VOL. 133 | NO. 178 | Friday, September 7, 2018
SCS Weighs 6-8 Week Student Relocation at Kirby High for Rat Infestation
By Bill Dries
It will take six to eight weeks to seal off Kirby High School and rid it of a rat infestation. That’s what Shelby County Schools superintendent Dorsey Hopson told several hundred parents and students Thursday, Sept. 6, at a meeting at nearby Hickory Ridge Middle School.
“There’s not going to be an easy solution to this problem,” Hopson said after vowing that Kirby would reopen but not until after students are temporarily relocated for some time and perhaps not until the new school year semester begins in January.
Hopson said he is exploring several options and plans to make recommendations to the SCS board Tuesday at the board’s monthly work session.
Hopson said school workers who had been renovating space for a Career Technical Education program at Kirby disturbed a nest of rats in a storage building. In what he termed an “unavoidable natural disaster,” Hopson said the rats found their way into the high school and the school system along with the Shelby County Health Department and a private pest control company began dealing with the infestation. That included using chemicals and traps to round up the rats that came with odors either from dying rats or the chemicals used.
“We’ve trapped a whole lot of rodents,” Hopson said of the activity at the school in the last week or so that prompted two closings of the school in the past week – the latest through Friday, Sept 7. He estimated the school system had spent $70,000 on the problem through Thursday.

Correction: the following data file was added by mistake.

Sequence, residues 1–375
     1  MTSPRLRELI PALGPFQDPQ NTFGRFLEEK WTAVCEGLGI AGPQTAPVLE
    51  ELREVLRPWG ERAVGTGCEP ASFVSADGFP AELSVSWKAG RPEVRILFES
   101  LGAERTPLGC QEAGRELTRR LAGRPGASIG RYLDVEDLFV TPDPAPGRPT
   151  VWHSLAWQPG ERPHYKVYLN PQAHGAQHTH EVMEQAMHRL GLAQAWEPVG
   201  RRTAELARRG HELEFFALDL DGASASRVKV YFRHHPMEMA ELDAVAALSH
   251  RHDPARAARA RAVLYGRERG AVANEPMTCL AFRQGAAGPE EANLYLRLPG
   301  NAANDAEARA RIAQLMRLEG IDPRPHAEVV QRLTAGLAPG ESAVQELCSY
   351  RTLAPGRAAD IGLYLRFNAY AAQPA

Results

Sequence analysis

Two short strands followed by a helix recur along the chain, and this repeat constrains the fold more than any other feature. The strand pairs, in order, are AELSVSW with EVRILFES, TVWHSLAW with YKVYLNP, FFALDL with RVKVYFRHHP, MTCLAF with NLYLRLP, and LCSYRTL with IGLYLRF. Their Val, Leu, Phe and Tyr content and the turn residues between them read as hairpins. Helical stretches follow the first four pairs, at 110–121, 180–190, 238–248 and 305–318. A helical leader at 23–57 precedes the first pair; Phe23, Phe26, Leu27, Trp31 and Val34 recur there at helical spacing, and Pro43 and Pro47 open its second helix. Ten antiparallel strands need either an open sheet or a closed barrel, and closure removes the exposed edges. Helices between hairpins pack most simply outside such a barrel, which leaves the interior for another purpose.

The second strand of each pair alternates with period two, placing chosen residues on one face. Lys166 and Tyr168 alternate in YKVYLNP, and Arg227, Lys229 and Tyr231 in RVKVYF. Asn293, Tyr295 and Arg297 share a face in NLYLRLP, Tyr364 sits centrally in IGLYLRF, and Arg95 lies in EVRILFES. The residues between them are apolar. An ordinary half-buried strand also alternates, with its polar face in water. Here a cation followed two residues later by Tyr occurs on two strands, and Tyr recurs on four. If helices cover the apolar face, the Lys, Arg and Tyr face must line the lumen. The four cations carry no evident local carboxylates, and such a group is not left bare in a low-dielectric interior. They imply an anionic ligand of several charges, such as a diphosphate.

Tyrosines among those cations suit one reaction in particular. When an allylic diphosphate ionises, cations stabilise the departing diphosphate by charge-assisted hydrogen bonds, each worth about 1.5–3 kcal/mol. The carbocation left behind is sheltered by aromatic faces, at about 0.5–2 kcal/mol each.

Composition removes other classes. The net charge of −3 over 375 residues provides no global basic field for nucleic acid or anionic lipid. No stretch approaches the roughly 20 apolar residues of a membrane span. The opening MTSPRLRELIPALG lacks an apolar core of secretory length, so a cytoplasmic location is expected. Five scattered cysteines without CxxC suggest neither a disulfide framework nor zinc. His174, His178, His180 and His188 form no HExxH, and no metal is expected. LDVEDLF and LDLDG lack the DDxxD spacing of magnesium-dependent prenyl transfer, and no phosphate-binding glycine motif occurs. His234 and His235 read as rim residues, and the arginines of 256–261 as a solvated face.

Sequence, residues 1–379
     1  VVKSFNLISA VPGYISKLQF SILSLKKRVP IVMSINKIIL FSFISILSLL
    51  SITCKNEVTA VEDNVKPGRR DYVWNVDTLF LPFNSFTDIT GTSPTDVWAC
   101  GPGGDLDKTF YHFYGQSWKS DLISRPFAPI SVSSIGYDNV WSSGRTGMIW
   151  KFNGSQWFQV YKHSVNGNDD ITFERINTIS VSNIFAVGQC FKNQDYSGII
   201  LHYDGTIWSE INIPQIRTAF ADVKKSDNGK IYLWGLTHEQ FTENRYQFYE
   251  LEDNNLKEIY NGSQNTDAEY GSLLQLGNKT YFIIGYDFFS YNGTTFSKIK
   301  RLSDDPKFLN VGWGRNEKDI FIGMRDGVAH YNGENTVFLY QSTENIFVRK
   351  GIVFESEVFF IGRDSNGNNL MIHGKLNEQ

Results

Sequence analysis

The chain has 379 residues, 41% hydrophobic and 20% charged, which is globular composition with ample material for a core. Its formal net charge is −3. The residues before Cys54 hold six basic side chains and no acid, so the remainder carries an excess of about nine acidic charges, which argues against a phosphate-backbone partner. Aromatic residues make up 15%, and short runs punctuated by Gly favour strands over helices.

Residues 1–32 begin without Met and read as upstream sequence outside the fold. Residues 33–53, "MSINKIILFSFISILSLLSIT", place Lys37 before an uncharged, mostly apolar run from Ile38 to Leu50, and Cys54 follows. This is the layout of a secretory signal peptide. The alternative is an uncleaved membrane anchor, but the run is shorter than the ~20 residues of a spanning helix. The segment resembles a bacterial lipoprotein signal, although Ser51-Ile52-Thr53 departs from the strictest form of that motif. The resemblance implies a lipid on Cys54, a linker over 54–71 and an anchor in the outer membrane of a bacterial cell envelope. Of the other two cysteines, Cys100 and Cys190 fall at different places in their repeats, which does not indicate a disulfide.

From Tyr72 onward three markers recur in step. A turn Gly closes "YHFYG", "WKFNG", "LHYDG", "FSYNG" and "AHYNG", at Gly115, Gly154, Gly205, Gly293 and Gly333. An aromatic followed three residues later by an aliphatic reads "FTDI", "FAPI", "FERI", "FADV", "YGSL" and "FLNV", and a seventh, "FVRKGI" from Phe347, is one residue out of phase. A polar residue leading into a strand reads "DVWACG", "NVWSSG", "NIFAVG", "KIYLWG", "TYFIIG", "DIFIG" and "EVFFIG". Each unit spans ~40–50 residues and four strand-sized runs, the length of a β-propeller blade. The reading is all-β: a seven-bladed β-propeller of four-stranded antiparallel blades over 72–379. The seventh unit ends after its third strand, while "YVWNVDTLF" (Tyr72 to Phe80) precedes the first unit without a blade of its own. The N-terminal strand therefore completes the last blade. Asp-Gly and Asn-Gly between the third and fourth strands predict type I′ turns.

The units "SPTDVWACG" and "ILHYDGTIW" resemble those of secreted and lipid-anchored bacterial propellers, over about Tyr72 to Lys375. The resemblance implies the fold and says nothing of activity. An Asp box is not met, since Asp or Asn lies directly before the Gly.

“This, I can tell you, is not a scenario where somebody wasn’t doing their job,” he told the crowd.
The options Hopson is considering include building out temporary classroom space at Hickory Ridge Mall, moving students to the old Southside High School or dispersing students among existing schools in the area. But Hopson said his preference is to keep Kirby students together as a group. He also told parents that the school system would provide transportation for students depending on how far away the temporary quarters are. Other commercial space in the Hickory Hill area is being considered as well.
If the temporary space requires any kind of build out, Hopson said the school system would also have to consider an interim space until its ready.
“I do not want to break up Kirby High School,” he said to applause from parents and students in the middle school auditorium. He also said the school system might attempt to undertake some broader renovations to the school during the down time to reopen “a stronger Kirby.”
Written questions from the parents focused on making up school work, the possibility of voluntary transfers to other schools and athletic events. Hopson said the school system is consulting with state education officials on all of those points and is also considering all away games as an option.